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Do Professional Science bodies speak for ALL their membership?

CrowdOn August 5th, 2013, the American Geophysical Union (AGU) released a ‘Position Statement’ on Climate Change, rather bluntly blaming humanity. The full Position Statement on their website requires a PDF reader and can be read here. The bottom of the AGU news release announcing their Position Statement makes mention that they are “a not-for-profit, professional, scientific organization representing more than 62,000 members in 144 countries,” – something which the media has gone absolutely delightfully overboard with, making a great deal out of the fact 62,000 scientists are represented by the AGU.

On the same day, Dr Roger A. Pielke, Sr. posted his response on the popular climate blog, Wattsupwiththat.com (you will have to scroll about half way down to read Dr. Pielke’s statement). Dr. Pielke served on the AGU Panel to draft the updated Position Statement on “Human Impacts on Climate.” Dr. Pielke’s response is a very rational, detailed and I would personally argue, balanced statement on where scientists (should) stand with respect to Climate Change. Most of the Earth Scientists that I quickly polled (admittedly a small group so far..) all agreed with Dr. Pielke’s statement and all had considerable reservations about the Position Statement by the AGU.

I guess first, you as a member of the public, might ask why an Earth Scientist should have ANY opinion on climate change? After all, we deal with rocks, not the weather or the climate! Well, the answer is because the only reason scientists are really even aware that the planet if warming at all is because of the geologic record on the planet. Without that, we’d have no idea that (and you can search any of this online – I’m not making it up):

  1. Tthe planet was 10oC warmer when the dinosaurs roamed the planet
  2. When multicellular life exploded on the planet some 540 million years ago, glacial ice sheets almost reached to the equator.
  3. There is less CO2 in the atmosphere than just about any other time in Earth’s history except for the last few million years.
  4. The planet has been warming for the last 10,000 years
  5. As long as there is a polar ice cap, we are still in an ice age. We also know that as long as Antarctic remains at the bottom of the world, there may be some ice melt, but the East Antarctic ice sheet isn’t going to melt any time soon. That’s not to say coastal cities may not have to relocate in the future due to rising sea levels, but there are checks and balances which will prevent the entire world going ice free for a few 10’s of millions of years yet!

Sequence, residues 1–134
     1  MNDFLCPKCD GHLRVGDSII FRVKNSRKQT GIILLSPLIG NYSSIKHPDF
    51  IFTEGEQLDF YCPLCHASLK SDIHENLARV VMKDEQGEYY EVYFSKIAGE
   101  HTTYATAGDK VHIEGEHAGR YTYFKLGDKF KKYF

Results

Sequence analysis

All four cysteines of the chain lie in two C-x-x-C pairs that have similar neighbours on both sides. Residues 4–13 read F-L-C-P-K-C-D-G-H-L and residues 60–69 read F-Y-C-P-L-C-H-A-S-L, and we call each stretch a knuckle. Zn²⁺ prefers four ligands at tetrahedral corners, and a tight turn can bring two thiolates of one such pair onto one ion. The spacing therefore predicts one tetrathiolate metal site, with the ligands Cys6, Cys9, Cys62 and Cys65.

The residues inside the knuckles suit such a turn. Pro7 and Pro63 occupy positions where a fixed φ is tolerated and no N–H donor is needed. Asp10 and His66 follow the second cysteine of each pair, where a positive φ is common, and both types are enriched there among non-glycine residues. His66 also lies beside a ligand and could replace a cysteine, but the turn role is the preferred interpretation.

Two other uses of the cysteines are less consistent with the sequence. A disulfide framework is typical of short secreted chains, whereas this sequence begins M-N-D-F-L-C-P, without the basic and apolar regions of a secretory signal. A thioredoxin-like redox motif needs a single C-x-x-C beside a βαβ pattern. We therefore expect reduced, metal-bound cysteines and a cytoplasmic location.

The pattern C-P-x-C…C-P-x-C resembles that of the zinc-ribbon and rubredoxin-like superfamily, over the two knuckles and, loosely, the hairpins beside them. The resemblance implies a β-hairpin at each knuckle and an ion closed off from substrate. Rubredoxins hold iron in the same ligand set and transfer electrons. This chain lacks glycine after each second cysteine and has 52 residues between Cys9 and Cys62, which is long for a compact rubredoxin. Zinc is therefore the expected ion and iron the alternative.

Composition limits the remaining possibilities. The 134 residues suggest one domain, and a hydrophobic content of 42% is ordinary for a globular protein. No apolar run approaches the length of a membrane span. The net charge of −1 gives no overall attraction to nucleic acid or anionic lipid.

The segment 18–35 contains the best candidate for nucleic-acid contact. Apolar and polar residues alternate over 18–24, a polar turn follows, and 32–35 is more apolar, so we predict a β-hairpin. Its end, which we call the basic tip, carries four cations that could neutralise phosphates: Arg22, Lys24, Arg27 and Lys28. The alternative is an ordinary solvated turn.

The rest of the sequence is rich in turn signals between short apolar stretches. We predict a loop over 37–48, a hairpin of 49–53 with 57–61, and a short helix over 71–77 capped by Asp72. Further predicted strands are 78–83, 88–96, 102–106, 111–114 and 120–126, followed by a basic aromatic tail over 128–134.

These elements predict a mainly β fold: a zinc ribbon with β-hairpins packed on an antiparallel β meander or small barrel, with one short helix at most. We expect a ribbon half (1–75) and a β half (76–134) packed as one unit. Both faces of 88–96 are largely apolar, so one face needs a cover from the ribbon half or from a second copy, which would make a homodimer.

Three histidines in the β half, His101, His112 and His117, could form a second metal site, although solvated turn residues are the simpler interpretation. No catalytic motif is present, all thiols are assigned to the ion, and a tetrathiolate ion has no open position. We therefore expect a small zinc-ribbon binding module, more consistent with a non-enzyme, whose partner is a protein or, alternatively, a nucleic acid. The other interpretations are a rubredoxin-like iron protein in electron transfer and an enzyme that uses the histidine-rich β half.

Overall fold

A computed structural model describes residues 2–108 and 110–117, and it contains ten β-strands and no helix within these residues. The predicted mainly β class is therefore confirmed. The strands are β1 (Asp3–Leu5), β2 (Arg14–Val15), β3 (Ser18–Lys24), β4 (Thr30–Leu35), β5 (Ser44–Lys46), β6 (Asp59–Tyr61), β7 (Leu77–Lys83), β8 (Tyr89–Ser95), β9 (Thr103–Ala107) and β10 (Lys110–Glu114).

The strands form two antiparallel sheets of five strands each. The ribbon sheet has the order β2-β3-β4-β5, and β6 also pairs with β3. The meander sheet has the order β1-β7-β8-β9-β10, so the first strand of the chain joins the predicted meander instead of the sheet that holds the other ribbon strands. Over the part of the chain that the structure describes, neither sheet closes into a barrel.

So Earth Scientists tend to have some thoughts on climate change, because it was only by looking to the past, we are aware of what is going on in the present. And that may make us sound skeptical, but in reality, many Earth Scientists are more alarmed that people seem to think that controlling one element, ie CO2 emissions, will stop the planet changing temperatures. Because before humans were on the planet, the temperature’s changed without our intervention and many of those variables are in play today, in addition to CO2 gas concentrations. So lets move on and start adapting – geologic forces maybe slow and lumbering, but they are pretty unrelenting and unstoppable!

However, I’m not speaking for all Earth Scientists, but Dr Pielke’s statement is more in line with my understanding of climate change than the one issued by the AGU. It is important people realise that because only when we identify what we can and can’t control, we can adapt accordingly. By focusing exclusively on man-made CO2 emissions, we ignore a whole bucket full of problems which will make our standard of living much, much worse and cause even more environmental degradation.